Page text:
The Wigtown Book Festival generated £4.3 million for the Scottish economy last year–up from £2.3 million since 2013.
The figures came out of a new economic impact study by Bellerby Economics, which included 400 face-to-face interviews.
The festival welcomes around 10,000 visitors a year–"which is impressive for a small Scottish town with a population of less than 1,000", as the festival’s artistic director, Adrian Turpin, pointed out (pictured left).
Turpin said: "[Visitors] seem to love the event, the atmosphere, the friendly welcome from local people and the beauty of Dumfries and Galloway, with many returning time and again. Each year we try to come up with new themes, events and ideas to keep the festival fresh and we are also working hard to make it as appealing as possible to visitors of every age and background.
"And while the 10-day festival each September remains the flagship, we are also focused on spreading the benefits throughout the year by staging a whole series of other events."
The study also underlined the annual festival’s importance in supporting jobs and attracting visitors to Dumfries and Galloway; it creates the equivalent of more than 57 full time jobs in Dumfries and Galloway (61 in Scotland as a whole), compared to around 32 in 2013.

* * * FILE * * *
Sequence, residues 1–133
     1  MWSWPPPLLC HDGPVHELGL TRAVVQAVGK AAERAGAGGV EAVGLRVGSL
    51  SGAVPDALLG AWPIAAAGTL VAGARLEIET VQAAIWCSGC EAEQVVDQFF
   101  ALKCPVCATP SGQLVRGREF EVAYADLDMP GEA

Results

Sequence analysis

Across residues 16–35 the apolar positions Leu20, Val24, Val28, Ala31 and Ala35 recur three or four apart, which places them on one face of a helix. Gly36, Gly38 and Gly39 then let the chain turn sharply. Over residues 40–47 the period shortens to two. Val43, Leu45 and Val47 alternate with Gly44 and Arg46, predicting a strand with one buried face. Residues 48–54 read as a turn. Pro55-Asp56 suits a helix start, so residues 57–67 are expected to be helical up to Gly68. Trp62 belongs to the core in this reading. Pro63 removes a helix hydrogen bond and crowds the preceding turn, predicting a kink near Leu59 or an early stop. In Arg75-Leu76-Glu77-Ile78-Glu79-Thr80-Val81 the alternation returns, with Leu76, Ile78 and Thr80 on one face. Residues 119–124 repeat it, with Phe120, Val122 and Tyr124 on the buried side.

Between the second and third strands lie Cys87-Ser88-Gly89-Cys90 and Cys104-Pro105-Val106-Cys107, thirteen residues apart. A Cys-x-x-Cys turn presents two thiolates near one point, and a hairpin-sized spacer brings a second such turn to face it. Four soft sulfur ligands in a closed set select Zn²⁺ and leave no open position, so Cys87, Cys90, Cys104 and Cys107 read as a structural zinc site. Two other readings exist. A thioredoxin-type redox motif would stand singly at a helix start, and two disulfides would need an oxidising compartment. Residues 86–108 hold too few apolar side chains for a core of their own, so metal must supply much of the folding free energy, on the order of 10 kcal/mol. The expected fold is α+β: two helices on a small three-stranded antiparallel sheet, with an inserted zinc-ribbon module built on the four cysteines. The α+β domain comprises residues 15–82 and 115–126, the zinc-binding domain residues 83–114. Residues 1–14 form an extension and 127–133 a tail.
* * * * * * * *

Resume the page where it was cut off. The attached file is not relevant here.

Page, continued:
Councillor Adam Wilson, Dumfries and Galloway Council’s Major Events Champion (pictured right), said: "Wigtown has grown into one of the country’s best loved book festivals and makes a tremendous contribution to our culture, economy and tourism industry.
"Dumfries and Galloway Council has provided ongoing funding, advice and support to the festival to assist its growth and make it the stand-out book festival in rural Scotland. All of this is thanks to the dedication and hard work of a small professional team and the immense efforts of around 100 volunteers."
Ninety-nine percent of respondents rated the festival as "very good" or "good", maintaining satisfaction levels of the previous research carried out in 2013.
It revealed growing numbers of visitors are choosing to remain for longer, too, with 51% staying for three or four nights compared with 30% in 2013, and that 97% of those surveyed, compared with 80% in 2013, liked the region so much that they hoped to return within the next three years.